Across the country, there is a shortage of qualified truck drivers who can manage tractor-trailers and haul goods over long distances. This means that trucking companies are eager to get new hires out on the road as soon as possible. Sometimes, these drivers do not have the necessary skills and training to maneuver these large commercial vehicles. In Texas, tractor-trailers may be up to 59 feet in length, requiring expertise to operate them successfully.

In evaluating whether a driver has the skills and experience necessary to drive a commercial truck, a trucking company should consider:

  • The physical condition of the driver – this is one of those jobs where a person needs to be able to secure loads, climb the trailer to replace reflectors, crawl under the truck to inspect potential problems, and manage many other physical tasks;
  • The driver must have obtained the proper license – an individual needs a commercial driver’s license to driver a large truck;
  • The driver must have acquired the right certifications – depending on the type of truck and the goods being hauled, the driver must have the applicable specialized training. The driver also must have the skill to recognize problems that need to be addressed immediately, such as failing brakes or a poorly secured load; and
  • The background check of the driver must be clean – there are a number of red flags that appear in thorough checks, including a history of alcohol or drug abuse or citations for aggressive driving.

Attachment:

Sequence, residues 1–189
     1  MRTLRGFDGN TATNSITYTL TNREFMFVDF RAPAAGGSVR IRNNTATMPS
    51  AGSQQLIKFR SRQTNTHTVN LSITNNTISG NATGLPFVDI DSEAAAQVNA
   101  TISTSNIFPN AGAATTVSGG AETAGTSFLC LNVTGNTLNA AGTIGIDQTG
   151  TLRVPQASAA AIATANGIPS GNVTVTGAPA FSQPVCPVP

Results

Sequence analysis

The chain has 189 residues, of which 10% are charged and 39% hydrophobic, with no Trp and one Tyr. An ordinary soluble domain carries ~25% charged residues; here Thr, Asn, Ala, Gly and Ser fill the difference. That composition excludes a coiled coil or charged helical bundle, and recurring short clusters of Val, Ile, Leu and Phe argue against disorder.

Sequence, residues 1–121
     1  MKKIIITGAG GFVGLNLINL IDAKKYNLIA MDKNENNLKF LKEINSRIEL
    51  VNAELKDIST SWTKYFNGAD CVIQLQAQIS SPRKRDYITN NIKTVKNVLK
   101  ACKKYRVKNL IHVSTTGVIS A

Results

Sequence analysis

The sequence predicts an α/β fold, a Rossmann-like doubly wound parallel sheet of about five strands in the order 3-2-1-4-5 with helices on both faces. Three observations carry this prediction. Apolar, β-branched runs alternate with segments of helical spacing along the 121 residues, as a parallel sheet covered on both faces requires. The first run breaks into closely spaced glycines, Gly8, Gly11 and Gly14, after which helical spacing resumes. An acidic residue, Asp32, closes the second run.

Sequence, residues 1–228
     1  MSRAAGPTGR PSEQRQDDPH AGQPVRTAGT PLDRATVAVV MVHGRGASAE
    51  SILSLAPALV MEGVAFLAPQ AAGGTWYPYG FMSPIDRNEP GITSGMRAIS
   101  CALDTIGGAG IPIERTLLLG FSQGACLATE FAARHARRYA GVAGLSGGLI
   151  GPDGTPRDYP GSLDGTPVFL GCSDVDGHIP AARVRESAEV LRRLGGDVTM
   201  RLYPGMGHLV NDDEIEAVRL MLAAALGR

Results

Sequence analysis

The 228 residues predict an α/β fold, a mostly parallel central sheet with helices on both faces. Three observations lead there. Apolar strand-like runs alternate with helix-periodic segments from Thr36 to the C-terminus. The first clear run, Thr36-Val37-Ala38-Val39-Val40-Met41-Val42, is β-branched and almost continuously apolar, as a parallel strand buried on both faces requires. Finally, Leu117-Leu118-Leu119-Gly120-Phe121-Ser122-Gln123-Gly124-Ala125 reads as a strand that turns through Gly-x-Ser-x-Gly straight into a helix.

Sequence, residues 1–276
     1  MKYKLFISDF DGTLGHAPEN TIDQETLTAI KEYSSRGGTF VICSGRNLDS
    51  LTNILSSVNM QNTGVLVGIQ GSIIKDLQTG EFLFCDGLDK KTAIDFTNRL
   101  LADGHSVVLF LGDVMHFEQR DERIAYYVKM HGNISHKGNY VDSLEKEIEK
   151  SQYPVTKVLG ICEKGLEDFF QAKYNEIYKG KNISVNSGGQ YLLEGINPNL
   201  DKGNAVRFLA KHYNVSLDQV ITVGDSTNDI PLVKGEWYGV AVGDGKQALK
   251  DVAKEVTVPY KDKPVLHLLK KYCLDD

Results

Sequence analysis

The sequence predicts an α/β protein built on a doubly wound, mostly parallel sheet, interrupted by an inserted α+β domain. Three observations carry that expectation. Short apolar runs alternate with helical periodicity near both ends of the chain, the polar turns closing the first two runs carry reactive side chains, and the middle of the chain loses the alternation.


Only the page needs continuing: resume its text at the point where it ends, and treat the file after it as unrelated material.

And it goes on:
The person seeking to drive a tractor-trailer should disclose whether he has any medical conditions that might impact his ability to operate a truck in a safe manner. This might include a seizure disorder, severe diabetes that could lead to a loss of consciousness, or a blood disorder that might result in a stroke.

There are many signs that a driver did not have the experience or skills to properly operate a truck. After an accident has occurred, a knowledgeable attorney will review the following:

  • The certifications and licenses that a driver possesses;
  • The assessments of a driver’s skills that should be present in his employment file;
  • Evidence of the completion of necessary skills training;
  • Driving citations; and
  • Warnings about improper conduct while loading, unloading, or driving the truck.

In addition to the paperwork that may reveal a driver who did not have the skills or temperament to drive a commercial truck, the actions of the driver also may provide support for a claim of negligence. These telling behaviors include:

  • The driver failed to secure the load, which led to loss of control of the truck;
  • The driver did not respond to traffic conditions in time to bring the tractor-trailer to a safe stop;
  • The driver failed to hold his lane of travel, moving back and forth across multiple lanes;
  • The driver was speeding;
  • The driver did not pay attention to height restrictions, which led to a serious accident after impacting an overpass;
  • The driver failed to correct serious problems with the truck, or get the appropriate assistance in remedying these defects;
  • The driver did not execute a turn properly;
  • The driver failed to navigate a curve in the road; and
  • Any other actions that indicate a lack of care or knowledge about the operation of a commercial motor vehicle.

It is important to review every aspect of the driver’s and trucking company’s records in order to determine whether it was negligent of the trucking company to have the driver on the road.

An accident involving a tractor-trailer impacts many lives. If you or a loved one has been harmed in a serious truck accident, the hardworking and experienced Texas truck accident attorneys at DeHoyos & Connolly, PLLC are ready to fight for the justice that you deserve. Call us to schedule a case evaluation where we can determine the plan that meets the needs of you and your family.

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